Philadelphia Fed Says Manufacturers Continue To See Growth

Activity in the Philadelphia region’s manufacturing sector continues to improve, according to firms surveyed for this month’s Business Outlook Survey released today by the Federal Reserve Bank in Philadelphia.

While the indicator for general activity fell from its August reading, indicators for new orders and employment improved. Firms reported an increase in industrial prices again this month. Expectations for overall manufacturing growth remain positive, although most indicators fell from their August readings.

The diffusion index of current activity, which measures firms’ overall appraisal of current economic conditions, decreased from a reading of 28.5 in August to 13.4 in September. The index has remained positive for 16 consecutive months but is now at its lowest reading since July 2003.

The new orders index, however, increased seven points, suggesting that demand for manufactured goods remains robust. Nearly 40 percent of the firms surveyed reported growth in new orders this month; 13 percent reported declines.

General Activity

The current shipments index paralleled the decline in the general activity index, decreasing nearly 10 points. Indexes for delivery times, unfilled orders and inventories all showed increases this month and all are slightly above zero.

Despite the moderation in manufacturing output growth, employment edged higher this month. The current employment diffusion index increased four points. The percentage of firms reporting increased employment this month (31 percent) was higher than the percentage reporting lower employment (10 percent). The average workweek remained positive and was virtually unchanged from its reading in August.

Firms continue to report higher production costs. Nearly 58 percent of the firms reported higher input prices this month, and only 1 percent reported lower prices. The prices paid diffusion index edged up three points and has increased for two consecutive months. The index is at its highest reading since May and is 26 points higher than at the end of last year.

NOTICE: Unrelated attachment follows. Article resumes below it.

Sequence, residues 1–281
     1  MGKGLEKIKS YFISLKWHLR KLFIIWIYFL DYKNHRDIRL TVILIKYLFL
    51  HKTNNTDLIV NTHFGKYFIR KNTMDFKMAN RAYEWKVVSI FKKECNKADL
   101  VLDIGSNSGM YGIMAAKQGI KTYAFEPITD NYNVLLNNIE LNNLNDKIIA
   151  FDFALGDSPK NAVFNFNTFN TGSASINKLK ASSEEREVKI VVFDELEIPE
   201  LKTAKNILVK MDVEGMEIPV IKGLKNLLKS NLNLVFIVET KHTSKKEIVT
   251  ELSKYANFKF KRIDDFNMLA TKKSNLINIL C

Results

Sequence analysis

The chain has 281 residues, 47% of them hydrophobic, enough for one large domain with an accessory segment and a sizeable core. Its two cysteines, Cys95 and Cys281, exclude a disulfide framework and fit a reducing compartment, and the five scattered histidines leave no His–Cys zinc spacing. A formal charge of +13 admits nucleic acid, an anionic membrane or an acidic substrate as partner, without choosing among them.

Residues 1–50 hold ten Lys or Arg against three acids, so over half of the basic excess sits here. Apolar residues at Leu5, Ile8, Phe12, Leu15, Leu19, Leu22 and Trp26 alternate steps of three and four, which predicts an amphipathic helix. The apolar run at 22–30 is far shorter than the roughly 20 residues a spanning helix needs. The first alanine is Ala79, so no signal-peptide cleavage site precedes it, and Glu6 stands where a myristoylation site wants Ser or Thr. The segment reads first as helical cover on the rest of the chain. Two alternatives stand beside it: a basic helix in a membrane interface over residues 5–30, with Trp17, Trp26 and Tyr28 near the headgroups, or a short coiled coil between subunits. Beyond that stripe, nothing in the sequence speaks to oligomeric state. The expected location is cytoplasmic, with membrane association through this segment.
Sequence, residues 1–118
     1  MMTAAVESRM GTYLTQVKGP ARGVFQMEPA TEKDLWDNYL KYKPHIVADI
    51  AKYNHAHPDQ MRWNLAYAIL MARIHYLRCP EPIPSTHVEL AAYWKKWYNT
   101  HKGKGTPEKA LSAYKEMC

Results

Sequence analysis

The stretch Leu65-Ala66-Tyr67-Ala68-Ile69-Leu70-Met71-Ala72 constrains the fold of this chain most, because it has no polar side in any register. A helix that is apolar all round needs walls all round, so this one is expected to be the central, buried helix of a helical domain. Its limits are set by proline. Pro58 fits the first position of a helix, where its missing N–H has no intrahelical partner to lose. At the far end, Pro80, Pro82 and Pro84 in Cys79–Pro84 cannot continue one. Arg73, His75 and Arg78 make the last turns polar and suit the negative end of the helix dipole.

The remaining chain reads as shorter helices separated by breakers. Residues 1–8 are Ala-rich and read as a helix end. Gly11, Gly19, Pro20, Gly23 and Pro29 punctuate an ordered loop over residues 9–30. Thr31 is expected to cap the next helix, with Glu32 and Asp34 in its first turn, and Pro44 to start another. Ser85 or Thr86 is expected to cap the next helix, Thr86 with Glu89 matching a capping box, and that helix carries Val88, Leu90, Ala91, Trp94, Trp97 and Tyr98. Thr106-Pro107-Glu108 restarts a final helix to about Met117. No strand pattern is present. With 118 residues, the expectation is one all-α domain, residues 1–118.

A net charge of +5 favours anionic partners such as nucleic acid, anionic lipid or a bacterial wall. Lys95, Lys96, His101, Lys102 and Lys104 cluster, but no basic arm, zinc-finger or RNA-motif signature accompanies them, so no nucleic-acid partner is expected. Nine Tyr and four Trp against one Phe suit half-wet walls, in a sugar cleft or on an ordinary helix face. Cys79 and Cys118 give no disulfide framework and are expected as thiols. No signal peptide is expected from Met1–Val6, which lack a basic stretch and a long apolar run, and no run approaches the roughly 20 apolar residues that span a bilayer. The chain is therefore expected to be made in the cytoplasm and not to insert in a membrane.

Forty percent of the firms reported higher prices for their own manufactured goods this month; only 4 percent reported lower prices. The current prices received index, which edged up two points this month, is now at its highest reading since 1989.

Optimistic Outlook

Overall expectations for the next six months remain generally optimistic, although most indicators for future conditions were lower this month. The future general activity index decreased from 52.7 in August to 44.9 this month, but it remains at a relatively high level.

Other future indicators showed declines as well: the future new orders index fell eight points and the future shipments index fell 13 points. Indexes for future unfilled orders, future delivery times, and future inventories fell from their readings in August.

Expectations regarding future employment also decreased this month.

The future employment index decreased from 26.6 in August to 23.4 in September. Thirty-four percent of the firms expect employment to rise in the next six months, while 11 percent expect it to decline.

Capital Spending

Although the average workweek index edged lower, firms expect the average workweek to increase over the next six months. The future capital spending index fell back about four points. Twenty-seven percent of firms expect higher capital spending over the next six months; 10 percent expect it to decline.

In special questions this month, firms were asked about the impact of special depreciation allowances on new capital equipment. Recent legislation provided temporary bonus depreciation allowances for capital placed in service before January 1, 2005. Twenty-four percent of the firms indicated that capital equipment spending was higher in 2004 because of the special allowances. About 27 percent of the firms indicated that capital spending in the fourth quarter of this year will be higher than it would have been without the special allowances.

Firms were also asked about their capital spending plans for 2005 compared to 2004. Nearly 56 percent of the firms anticipate that capital spending will be higher next year than this year (23 percent say it will increase significantly and 33 percent expect only a slight increase). About 30 percent foresee no change; 15 percent think spending will be lower.

Continued Growth Expected

Although some indicators of current business conditions declined from their readings in August, all indicators point to continued growth in the region’s manufacturing sector.

New orders growth continues to show improvement, and a sizable share of firms are expanding payrolls. Manufacturing firms face continuing cost pressures, and about 40 percent of firms reported increases in the prices of their manufactured goods this month.

Firms’ expectations for growth over the next six months fell in September but remain generally optimistic.

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